As an artist what is your take on how women are made to feel about their bodies? And, how do you think women feel about their bodies?

The awareness that women have about their body is almost negligible. The fear, embarrassment of what others say and think is so deep-rooted within that it becomes difficult to do a self introspection. As an artist this is exactly what I want to change. I want women to look at their body as divine and as a powerful weapon. I want them to know that their body is a beautiful mix of nature and ancestors which makes every woman. When loving the body is so fierce, social norms like gender issues cannot play an active part.

No one can make you feel less than what you are if you choose not to. Most of the time we are our own kryptonites; and we let the outside power influence us and make the body helpless, but the body is always protected and healed by the mother inside. The mother’s umbilical cord protects at all times even when the body is bruised. The body comprises timeless nature and the elements of the universe within us. Then why the fear and hesitation?

What is the concept of freedom that you talk about? Do women need to free themselves first from how they think they are perceived?

Absolutely. Most of the time women don’t even realise that they are in captivity with their own thoughts and body inhibitions. Not every time it is about being a victim or a survivor. Many times we create a sense of darkness with our preconceived ideas.

I want women to first know and understand their body. The entire process is internal, it’s not the external that needs freedom. The internal acceptance... are paths to freedom of the mind and the freedom from being one’s own enemy. It’s not about how they are perceived, it’s about how you would perceive yourself. To love the body unconditionally and fearlessly is freedom.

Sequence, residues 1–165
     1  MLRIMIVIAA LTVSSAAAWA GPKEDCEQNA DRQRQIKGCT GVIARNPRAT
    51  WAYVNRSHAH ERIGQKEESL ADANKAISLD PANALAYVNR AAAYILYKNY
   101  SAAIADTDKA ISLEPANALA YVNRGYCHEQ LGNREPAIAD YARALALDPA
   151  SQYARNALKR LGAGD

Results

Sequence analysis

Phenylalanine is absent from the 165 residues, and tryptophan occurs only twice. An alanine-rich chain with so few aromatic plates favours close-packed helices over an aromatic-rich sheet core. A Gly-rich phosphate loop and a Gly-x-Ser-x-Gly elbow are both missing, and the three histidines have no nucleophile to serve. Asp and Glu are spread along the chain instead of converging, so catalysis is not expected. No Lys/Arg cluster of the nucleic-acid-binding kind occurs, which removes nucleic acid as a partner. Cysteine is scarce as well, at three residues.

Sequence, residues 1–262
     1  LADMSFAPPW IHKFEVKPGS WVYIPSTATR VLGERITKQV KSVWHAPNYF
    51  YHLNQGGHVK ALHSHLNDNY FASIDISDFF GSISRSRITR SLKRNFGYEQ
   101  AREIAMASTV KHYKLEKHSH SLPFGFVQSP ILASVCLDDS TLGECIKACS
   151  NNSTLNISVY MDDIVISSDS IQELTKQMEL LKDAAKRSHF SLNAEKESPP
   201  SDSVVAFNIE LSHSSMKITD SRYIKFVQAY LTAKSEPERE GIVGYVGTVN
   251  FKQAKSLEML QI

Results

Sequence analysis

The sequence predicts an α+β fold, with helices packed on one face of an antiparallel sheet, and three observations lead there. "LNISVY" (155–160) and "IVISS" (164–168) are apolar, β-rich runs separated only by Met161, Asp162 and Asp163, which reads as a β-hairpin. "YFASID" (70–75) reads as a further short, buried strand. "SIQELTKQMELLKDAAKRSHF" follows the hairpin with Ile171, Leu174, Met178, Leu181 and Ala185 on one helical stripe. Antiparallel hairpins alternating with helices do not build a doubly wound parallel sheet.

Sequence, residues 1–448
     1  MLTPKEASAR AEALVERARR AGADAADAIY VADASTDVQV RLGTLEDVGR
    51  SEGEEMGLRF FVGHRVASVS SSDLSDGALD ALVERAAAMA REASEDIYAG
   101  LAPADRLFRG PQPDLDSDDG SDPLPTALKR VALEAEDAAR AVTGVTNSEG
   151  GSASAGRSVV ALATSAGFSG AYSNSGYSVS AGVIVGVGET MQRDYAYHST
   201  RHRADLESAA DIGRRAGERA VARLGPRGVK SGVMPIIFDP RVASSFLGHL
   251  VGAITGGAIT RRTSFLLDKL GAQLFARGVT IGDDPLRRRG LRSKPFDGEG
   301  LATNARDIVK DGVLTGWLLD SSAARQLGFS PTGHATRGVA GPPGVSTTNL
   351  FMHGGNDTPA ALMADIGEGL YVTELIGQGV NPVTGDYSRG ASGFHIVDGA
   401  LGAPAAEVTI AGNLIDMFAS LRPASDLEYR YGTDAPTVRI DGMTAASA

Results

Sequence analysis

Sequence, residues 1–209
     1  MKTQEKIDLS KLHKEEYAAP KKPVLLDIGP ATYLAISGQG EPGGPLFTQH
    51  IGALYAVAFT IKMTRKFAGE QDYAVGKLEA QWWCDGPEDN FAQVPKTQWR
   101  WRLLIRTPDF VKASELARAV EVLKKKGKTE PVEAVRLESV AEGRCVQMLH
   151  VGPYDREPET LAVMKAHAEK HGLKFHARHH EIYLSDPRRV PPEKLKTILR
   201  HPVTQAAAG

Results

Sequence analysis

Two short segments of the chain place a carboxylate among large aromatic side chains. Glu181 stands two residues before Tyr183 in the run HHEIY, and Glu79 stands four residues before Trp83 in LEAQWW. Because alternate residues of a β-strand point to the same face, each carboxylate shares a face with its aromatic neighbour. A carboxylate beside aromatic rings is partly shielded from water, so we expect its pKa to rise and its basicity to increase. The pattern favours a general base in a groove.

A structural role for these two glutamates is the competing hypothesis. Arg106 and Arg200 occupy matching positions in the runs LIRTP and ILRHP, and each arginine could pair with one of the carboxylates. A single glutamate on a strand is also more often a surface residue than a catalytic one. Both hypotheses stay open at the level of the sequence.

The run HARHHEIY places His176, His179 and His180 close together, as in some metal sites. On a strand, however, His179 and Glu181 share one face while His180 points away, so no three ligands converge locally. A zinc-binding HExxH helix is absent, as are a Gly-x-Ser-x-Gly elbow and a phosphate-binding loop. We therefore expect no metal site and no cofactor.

‘Red is in my veins the umbilical unbroken’

And yet therein it lies? my broken wings — bruised

Like nature herself

Open yourself mother says for I am in your womb

and in the trees — I rise and confront — tears fading to waterfall.

Is that a distant dream though?

Women have come a long way; I wouldn’t say it’s a distant dream. It’s achievable as long as there is constant awareness and fearlessness. It’s also important at the same time to support the less privileged if possible and make awareness a habit.

Who did you collaborate with for this project?

Capturing this massive sculpture in artistic photographic frames of 14ft (width) x 10ft (height) x 10ft (depth) was a challenge. It was also important to keep the narrative of pain, elation, and dream going. I was fortunate enough to collaborate with the talented artist photographer Rukhen Rawla who captured cinematic shots and created the desired narrative through his powerful frames and lighting. Every frame spoke about pain and dream simultaneously and seemed seamless.

We loved how you related Hawa Mahal with freedom. What else is on your Jaipur itinerary?

Talk shows, viewing other artists’ works and performances are some of the events I am looking forward to at the Jaipur Art Week (January 18-25).

Last updated on 16.01.23, 12:27 PM